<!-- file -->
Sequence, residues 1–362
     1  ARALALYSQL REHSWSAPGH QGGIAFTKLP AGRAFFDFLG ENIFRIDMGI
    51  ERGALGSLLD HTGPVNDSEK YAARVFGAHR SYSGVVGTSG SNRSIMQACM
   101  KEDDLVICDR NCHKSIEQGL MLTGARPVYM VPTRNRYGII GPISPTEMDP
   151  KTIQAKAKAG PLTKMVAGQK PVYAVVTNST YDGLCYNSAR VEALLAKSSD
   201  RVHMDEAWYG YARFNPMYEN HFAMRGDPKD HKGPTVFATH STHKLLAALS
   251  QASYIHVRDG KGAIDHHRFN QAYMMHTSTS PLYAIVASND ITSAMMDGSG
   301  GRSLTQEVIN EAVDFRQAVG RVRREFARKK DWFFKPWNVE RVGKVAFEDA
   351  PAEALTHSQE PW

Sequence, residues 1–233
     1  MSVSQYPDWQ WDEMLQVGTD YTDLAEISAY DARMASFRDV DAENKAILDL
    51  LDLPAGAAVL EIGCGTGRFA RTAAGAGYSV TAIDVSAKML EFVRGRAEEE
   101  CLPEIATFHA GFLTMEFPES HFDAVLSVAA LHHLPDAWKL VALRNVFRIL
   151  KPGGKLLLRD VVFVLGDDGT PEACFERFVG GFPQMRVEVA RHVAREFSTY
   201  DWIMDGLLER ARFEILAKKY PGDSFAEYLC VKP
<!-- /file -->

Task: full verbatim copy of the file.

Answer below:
Sequence, residues 1–362
     1  ARALALYSQL REHSWSAPGH QGGIAFTKLP AGRAFFDFLG ENIFRIDMGI
    51  ERGALGSLLD HTGPVNDSEK YAARVFGAHR SYSGVVGTSG SNRSIMQACM
   101  KEDDLVICDR NCHKSIEQGL MLTGARPVYM VPTRNRYGII GPISPTEMDP
   151  KTIQAKAKAG PLTKMVAGQK PVYAVVTNST YDGLCYNSAR VEALLAKSSD
   201  RVHMDEAWYG YARFNPMYEN HFAMRGDPKD HKGPTVFATH STHKLLAALS
   251  QASYIHVRDG KGAIDHHRFN QAYMMHTSTS PLYAIVASND ITSAMMDGSG
   301  GRSLTQEVIN EAVDFRQAVG RVRREFARKK DWFFKPWNVE RVGKVAFEDA
   351  PAEALTHSQE PW

Sequence, residues 1–233
     1  MSVSQYPDWQ WDEMLQVGTD YTDLAEISAY DARMASFRDV DAENKAILDL
    51  LDLPAGAAVL EIGCGTGRFA RTAAGAGYSV TAIDVSAKML EFVRGRAEEE
   101  CLPEIATFHA GFLTMEFPES HFDAVLSVAA LHHLPDAWKL VALRNVFRIL
   151  KPGGKLLLRD VVFVLGDDGT PEACFERFVG GFPQMRVEVA RHVAREFSTY
   201  DWIMDGLLER ARFEILAKKY PGDSFAEYLC VKP